I've also several sets of betathane harness from Camptown Harness...they use a mix of leather and betathane. Leather's on the bridle, the blinkers, the crupper and next to the horse on the breastcollar...all the spots where comfort will be an issue. I also got it with their Freedom collar...it's very sculpted and looks a lot like the Zilco collar. this harness weighs nothing.

                            I also use a leather Eurocollar that Andy Marcoux sells at his shop (neat design and it does work and it's adjustable for size...a little narrow in the buckles though, so I can't use some of my traces...which sucks).

                            I use the beta harness almost 100% of the time...it's easy to keep clean, which is better for my horse...I can hose it off on him, and it looks good, it doesn't mildew.

                            If I had my own farm and tackroom, I could set up a nice harness cleaning station, some great places to hang the clean harness where it would stay clean and non-dusty etc. and I wouldn't care as much about the convenience of betathane; but I board and keep my harness in a big metal office type of storage cabinet where I've mounted harness racks, I've got a computer exhaust/cooling fan mounted on the side of the cabinet that keeps things dry...but it's just a stopgap measure to keep the harness from being stolen and with air moving around it.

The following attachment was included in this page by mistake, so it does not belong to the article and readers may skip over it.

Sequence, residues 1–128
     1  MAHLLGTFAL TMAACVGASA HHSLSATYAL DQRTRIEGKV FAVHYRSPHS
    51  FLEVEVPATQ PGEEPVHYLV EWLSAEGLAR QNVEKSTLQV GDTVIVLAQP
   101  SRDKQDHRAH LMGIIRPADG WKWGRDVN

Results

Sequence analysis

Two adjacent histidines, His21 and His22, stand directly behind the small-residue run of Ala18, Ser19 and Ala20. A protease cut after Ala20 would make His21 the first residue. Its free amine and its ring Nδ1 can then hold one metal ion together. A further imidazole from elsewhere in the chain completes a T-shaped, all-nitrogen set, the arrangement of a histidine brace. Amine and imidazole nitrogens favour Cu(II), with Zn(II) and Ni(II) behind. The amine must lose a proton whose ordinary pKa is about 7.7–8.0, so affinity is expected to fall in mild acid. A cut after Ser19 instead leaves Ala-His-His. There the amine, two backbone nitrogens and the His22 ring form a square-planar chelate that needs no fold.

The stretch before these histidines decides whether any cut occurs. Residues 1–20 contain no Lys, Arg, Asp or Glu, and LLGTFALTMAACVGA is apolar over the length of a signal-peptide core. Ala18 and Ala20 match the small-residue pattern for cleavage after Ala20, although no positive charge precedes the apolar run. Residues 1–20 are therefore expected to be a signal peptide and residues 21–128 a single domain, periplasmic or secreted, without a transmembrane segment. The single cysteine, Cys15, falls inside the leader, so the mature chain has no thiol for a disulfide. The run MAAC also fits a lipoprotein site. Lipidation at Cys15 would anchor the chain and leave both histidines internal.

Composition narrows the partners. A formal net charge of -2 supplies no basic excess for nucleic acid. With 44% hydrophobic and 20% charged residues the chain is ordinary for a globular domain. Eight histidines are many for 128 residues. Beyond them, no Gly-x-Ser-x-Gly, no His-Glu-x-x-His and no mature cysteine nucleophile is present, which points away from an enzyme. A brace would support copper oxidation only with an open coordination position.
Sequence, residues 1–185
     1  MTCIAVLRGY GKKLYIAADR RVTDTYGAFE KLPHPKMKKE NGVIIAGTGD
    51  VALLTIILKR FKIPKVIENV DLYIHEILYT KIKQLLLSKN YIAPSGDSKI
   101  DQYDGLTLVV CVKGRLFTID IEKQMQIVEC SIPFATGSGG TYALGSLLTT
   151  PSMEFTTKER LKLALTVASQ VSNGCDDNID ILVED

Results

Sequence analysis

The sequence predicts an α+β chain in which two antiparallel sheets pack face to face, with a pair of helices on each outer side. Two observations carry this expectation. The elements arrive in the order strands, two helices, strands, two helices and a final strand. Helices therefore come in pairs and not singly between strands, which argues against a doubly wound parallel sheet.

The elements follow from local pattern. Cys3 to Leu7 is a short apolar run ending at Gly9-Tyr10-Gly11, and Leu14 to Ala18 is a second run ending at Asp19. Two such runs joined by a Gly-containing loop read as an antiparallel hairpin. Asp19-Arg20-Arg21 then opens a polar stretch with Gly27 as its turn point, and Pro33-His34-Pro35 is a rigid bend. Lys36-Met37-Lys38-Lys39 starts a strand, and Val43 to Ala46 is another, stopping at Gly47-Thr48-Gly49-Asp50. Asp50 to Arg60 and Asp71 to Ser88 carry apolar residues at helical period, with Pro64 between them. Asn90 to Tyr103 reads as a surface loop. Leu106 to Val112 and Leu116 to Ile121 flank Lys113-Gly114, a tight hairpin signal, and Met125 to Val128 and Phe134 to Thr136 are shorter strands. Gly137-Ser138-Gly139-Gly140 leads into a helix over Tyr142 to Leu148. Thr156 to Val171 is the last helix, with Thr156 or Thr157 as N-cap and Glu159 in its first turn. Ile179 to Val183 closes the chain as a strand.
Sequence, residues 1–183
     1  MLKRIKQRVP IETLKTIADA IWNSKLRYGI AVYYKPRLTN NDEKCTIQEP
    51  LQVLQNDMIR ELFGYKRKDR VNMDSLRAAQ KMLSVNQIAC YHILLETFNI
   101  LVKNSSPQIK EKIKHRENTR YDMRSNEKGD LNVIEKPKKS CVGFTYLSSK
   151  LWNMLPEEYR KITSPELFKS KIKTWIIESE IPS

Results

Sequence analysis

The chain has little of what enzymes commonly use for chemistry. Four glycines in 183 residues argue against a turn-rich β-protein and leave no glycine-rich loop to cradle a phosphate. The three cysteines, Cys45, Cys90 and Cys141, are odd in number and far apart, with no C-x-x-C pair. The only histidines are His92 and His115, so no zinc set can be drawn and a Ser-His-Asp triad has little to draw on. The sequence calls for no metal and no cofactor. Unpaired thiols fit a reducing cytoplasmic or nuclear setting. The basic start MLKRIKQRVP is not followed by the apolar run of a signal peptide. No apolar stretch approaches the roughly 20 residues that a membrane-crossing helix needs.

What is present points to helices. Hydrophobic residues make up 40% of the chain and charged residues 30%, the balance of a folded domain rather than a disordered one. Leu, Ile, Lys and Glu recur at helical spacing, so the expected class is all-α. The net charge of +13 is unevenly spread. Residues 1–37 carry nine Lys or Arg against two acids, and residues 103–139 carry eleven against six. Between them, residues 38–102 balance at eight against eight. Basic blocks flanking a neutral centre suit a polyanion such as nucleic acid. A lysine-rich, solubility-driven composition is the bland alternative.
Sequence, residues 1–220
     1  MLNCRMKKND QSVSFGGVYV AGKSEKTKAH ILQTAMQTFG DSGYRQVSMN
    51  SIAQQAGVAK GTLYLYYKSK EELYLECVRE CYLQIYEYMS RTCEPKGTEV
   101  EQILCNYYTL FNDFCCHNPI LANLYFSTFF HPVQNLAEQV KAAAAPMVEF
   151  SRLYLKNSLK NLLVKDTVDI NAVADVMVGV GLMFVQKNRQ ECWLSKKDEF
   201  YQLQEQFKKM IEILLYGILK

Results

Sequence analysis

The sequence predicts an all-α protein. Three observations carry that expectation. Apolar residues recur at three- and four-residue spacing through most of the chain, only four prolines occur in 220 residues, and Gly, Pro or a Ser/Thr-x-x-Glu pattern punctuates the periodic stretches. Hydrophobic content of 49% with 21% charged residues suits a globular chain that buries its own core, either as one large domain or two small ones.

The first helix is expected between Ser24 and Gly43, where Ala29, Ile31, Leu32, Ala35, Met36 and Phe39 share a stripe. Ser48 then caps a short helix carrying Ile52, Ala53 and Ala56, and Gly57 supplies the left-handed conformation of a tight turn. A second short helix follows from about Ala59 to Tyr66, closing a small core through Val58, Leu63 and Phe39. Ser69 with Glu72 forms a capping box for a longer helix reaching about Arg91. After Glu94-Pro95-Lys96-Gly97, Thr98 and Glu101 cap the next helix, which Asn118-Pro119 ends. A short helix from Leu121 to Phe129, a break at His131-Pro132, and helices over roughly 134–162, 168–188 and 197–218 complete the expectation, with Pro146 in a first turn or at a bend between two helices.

Have fun...go for quality.
                            "Sic Gorgiamus Allos Subjectatos Nunc"

                            Comment


                            • #15
                              Let me tell you what I don't like about that harness:

                              No buckles on the crupper
                              Narrow saddle
                              Single wither strap (do you call it a neck strap?) - I prefer them split to spread the weight bearing to the breast collar. And its VERY narrow
                              No turrets on the wither strap
                              Breast collar doesn't look as though its well padded or wide enough to me
                              Looks like there's no trace tug buckle and its all in one piece (stitched in??)
                              Is the crupper just attached to the backstrap ?? No buckling adjuster!
                              No buckles on the quarter straps (the ones that go down from the loin strap)
                              Where's the bridle???

                              Got to say it looks pretty cheap and chatty and of the sort I can buy wholesale for £60 ($120)

                              I can't help thinking you should be able to get something a heck of a lot better than that and I'll have a look on the internet tonight to see if I can find something better.

                              Comment


                              • #16
                                Cinder,

                                I have purchased 3 beta harnesses from an Amish harness maker in Illinois. It has some of the parts that Thomas is looking for but not all. I competed in Pleasure shows and CDEs with them until I purchased the russet and black beta this past Spring. I do have a leather show harness that lives in the closet and comes out occasionally for a special show or CDE.

                                You can find one like it at www.gscart.com They run just under 500 bucks.